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Eur Spine J. 2016 Jun;25(6):1912-9. doi: 10.1007/s00586-015-4158-9. Epub 2015 Jul 30.

Microendoscopic posterior decompression for the treatment of thoracic myelopathy caused by ossification of the ligamentum flavum: a technical report.

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Department of Orthopaedics, Iwai Orthopaedic Medical Hospital, 8-17-2 Minamikoiwa Edogawa-ku, Tokyo, 133-0056, Japan.
Department of Orthopaedic Surgery, The University of Tokyo, 7-3-1 Hongo Bunkyo-ku, Tokyo, 113-8655, Japan.
Department of Orthopaedics, Japan Community Health Care Organization Tokyo Shinjuku Medical Center, 5-1 Tsukudo-cho Shinjuku-ku, Tokyo, 162-8543, Japan.
Department of Orthopaedics, Iwai Orthopaedic Medical Hospital, 8-17-2 Minamikoiwa Edogawa-ku, Tokyo, 133-0056, Japan.
Department of Minimally Invasive Spinal Surgery, Zhangzhou Zhengxing Hospital, No.1608 North Circle Road State Highway, 363000, Zhangzhou, Fujian Province, China.



Ossification of the ligamentum flavum (OLF) is a common cause of progressive thoracic myelopathy in East Asia. Good surgical results are expected for patients who already show myelopathy. Surgical decompression using a posterior approach is commonly used to treat OLF. This study investigated the use of microendoscopic posterior decompression for the treatment of thoracic OLF.


Microendoscopic posterior decompression was performed on 9 patients with myelopathy. Patients had a mean age of 59.8 years and single-level involvement, mostly at the T10-11 and T11-12 vertebrae. Computed tomography and magnetic resonance imaging were used to classify the OLF. A tubular retractor and endoscopic system were used for microendoscopic posterior decompression. Midline and unilateral paramedian approaches were performed in 2 and 7 patients, respectively. Intraoperative motor evoked potentials (MEPs) of 7 patients were monitored. Pre- and postoperative neurological status was evaluated using the modified Japanese Orthopaedic Association (mJOA) score.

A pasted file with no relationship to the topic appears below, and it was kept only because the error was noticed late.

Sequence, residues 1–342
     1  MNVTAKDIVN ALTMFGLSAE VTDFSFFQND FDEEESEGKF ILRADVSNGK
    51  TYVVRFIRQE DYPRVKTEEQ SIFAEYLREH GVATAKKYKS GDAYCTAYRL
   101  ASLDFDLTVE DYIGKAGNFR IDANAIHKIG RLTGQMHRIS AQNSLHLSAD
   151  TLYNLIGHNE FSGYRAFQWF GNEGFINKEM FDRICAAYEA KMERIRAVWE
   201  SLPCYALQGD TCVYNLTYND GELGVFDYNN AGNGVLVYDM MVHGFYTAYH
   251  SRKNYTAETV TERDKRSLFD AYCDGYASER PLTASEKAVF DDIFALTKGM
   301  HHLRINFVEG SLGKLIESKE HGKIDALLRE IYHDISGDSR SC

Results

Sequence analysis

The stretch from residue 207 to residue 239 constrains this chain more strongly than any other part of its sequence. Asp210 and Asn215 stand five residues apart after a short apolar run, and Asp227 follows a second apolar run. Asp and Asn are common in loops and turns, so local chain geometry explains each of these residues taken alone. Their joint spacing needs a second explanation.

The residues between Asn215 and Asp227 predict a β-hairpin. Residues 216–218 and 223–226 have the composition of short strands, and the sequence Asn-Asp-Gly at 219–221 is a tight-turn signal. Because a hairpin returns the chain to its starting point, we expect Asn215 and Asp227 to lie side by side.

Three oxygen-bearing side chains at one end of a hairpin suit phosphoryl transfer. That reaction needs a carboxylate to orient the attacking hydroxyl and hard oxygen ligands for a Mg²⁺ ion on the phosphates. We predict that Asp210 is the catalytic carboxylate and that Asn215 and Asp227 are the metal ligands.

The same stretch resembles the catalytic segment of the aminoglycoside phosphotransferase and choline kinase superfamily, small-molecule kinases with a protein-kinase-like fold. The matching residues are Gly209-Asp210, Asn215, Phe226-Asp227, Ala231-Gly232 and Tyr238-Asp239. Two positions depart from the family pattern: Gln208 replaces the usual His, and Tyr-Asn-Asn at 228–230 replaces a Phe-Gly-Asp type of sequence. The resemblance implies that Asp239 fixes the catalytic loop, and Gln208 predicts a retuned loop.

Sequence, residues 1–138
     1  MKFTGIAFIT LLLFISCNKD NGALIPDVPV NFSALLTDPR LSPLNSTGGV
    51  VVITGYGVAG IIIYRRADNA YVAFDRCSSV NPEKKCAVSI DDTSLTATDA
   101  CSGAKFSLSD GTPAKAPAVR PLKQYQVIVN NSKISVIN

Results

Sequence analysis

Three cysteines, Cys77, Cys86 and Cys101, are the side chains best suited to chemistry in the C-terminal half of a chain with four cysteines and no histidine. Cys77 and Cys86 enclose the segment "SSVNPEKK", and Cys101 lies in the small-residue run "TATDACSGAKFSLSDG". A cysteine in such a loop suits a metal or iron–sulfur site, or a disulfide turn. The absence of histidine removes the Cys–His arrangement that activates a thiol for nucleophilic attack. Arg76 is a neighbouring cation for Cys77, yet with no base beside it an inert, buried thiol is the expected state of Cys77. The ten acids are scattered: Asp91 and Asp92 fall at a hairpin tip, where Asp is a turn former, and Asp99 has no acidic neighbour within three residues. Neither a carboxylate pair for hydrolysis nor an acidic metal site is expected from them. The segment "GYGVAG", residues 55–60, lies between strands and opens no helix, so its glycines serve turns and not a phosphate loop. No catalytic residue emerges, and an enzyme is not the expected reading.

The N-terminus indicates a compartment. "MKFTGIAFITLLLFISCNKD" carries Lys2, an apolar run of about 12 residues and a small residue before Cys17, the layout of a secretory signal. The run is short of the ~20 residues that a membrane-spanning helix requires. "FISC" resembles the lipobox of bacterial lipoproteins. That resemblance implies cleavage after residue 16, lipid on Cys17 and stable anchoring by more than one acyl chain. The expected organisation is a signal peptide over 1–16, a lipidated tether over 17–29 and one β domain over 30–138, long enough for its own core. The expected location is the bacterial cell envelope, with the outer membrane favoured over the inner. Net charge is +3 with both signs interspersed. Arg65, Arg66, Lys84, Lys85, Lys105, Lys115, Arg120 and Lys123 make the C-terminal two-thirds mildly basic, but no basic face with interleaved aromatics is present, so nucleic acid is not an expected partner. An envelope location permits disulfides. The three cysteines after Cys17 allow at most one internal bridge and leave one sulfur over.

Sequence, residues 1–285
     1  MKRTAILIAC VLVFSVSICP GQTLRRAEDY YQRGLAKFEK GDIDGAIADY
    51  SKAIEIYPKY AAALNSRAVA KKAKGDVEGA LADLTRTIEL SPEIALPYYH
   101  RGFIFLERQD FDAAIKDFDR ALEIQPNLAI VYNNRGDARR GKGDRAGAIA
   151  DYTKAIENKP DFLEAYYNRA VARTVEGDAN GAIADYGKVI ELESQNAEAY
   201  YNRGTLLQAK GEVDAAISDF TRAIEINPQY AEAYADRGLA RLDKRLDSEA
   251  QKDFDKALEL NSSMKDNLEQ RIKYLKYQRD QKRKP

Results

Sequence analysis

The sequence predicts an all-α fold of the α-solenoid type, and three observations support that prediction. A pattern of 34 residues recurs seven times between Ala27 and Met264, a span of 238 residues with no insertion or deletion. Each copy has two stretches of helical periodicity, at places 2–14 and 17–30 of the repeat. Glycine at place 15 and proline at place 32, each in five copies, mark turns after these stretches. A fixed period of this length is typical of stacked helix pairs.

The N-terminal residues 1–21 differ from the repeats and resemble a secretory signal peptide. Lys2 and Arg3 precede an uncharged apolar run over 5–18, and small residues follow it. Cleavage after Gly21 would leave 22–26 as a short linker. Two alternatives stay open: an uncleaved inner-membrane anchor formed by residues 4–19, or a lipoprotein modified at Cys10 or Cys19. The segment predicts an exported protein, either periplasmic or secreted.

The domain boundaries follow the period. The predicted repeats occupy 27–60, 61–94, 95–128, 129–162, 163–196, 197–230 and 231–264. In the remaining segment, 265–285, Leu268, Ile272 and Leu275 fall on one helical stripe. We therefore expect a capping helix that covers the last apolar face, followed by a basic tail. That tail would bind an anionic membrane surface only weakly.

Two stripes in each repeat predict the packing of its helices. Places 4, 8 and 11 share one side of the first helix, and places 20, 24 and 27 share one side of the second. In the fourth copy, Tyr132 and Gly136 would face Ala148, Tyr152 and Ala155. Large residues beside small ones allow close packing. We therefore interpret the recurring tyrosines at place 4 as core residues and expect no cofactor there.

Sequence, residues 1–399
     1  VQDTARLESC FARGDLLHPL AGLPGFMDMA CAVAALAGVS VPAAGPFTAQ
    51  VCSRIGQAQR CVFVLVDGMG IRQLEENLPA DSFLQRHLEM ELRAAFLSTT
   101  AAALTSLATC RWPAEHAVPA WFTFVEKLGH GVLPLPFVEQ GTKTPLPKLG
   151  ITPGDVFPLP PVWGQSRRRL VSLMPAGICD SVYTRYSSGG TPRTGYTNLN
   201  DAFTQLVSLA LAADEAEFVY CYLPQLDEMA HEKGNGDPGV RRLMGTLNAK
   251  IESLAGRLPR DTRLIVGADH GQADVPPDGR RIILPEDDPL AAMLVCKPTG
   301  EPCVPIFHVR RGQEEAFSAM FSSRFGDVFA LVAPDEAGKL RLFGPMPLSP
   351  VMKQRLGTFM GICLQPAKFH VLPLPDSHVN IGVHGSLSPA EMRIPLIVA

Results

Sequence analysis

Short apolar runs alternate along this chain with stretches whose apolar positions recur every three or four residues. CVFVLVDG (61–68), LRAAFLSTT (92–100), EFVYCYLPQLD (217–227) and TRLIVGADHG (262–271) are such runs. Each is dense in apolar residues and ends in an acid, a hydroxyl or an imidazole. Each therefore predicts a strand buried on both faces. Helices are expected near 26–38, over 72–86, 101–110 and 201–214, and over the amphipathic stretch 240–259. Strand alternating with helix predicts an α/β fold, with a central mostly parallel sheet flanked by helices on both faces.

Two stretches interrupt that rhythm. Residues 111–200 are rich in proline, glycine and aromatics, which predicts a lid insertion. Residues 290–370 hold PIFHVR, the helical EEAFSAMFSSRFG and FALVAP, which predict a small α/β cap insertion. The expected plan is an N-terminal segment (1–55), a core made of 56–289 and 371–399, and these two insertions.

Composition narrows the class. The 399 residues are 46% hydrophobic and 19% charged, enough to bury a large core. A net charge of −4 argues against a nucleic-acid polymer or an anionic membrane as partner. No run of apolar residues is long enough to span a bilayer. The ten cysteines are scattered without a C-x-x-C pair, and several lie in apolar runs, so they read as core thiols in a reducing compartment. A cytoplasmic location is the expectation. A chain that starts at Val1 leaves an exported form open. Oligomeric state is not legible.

Thoracic OLF for all patients were classed as bilateral type with a round morphology. Improvement of MEPs at least one muscle area was recorded in all patients following posterior decompression. A dural tear in one patient was the only observed complication. The mean recovery rate was 44.9 %, as calculated from mJOA scores at a mean follow-up period of 20 months.


Microendoscopic posterior decompression combined with MEP monitoring can be used to treat patients with thoracic OLF. The optimal surgical indication is OLF at a single vertebral level and of a unilateral or bilateral nature, without comma and tram track signs, and a round morphology.


Microendoscopic posterior decompression; Minimally invasive; Ossification of the ligamentum flavum; Thoracic myelopathy

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